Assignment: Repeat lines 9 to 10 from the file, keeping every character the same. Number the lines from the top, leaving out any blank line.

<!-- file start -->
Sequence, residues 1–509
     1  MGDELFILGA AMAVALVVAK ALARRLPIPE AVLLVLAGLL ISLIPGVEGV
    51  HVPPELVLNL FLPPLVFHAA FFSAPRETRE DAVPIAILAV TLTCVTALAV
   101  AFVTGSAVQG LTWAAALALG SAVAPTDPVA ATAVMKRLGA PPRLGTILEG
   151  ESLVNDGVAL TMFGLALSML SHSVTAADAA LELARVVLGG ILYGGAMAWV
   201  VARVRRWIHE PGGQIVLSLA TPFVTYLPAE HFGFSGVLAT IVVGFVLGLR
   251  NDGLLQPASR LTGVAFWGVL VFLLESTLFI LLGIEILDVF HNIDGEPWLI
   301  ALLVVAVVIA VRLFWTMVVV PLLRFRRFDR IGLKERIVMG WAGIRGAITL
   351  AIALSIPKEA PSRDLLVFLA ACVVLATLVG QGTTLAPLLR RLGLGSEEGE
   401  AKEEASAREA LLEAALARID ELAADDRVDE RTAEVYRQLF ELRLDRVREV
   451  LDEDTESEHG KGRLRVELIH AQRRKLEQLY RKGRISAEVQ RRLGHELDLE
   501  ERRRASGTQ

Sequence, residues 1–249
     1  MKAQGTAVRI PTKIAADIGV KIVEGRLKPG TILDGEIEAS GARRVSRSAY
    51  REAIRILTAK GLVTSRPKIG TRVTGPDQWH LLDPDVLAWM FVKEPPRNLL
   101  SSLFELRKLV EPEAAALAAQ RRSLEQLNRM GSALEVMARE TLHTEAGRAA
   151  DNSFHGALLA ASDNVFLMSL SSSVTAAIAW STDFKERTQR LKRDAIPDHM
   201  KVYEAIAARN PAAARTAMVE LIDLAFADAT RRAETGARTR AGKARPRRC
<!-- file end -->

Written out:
   351  AIALSIPKEA PSRDLLVFLA ACVVLATLVG QGTTLAPLLR RLGLGSEEGE
   401  AKEEASAREA LLEAALARID ELAADDRVDE RTAEVYRQLF ELRLDRVREV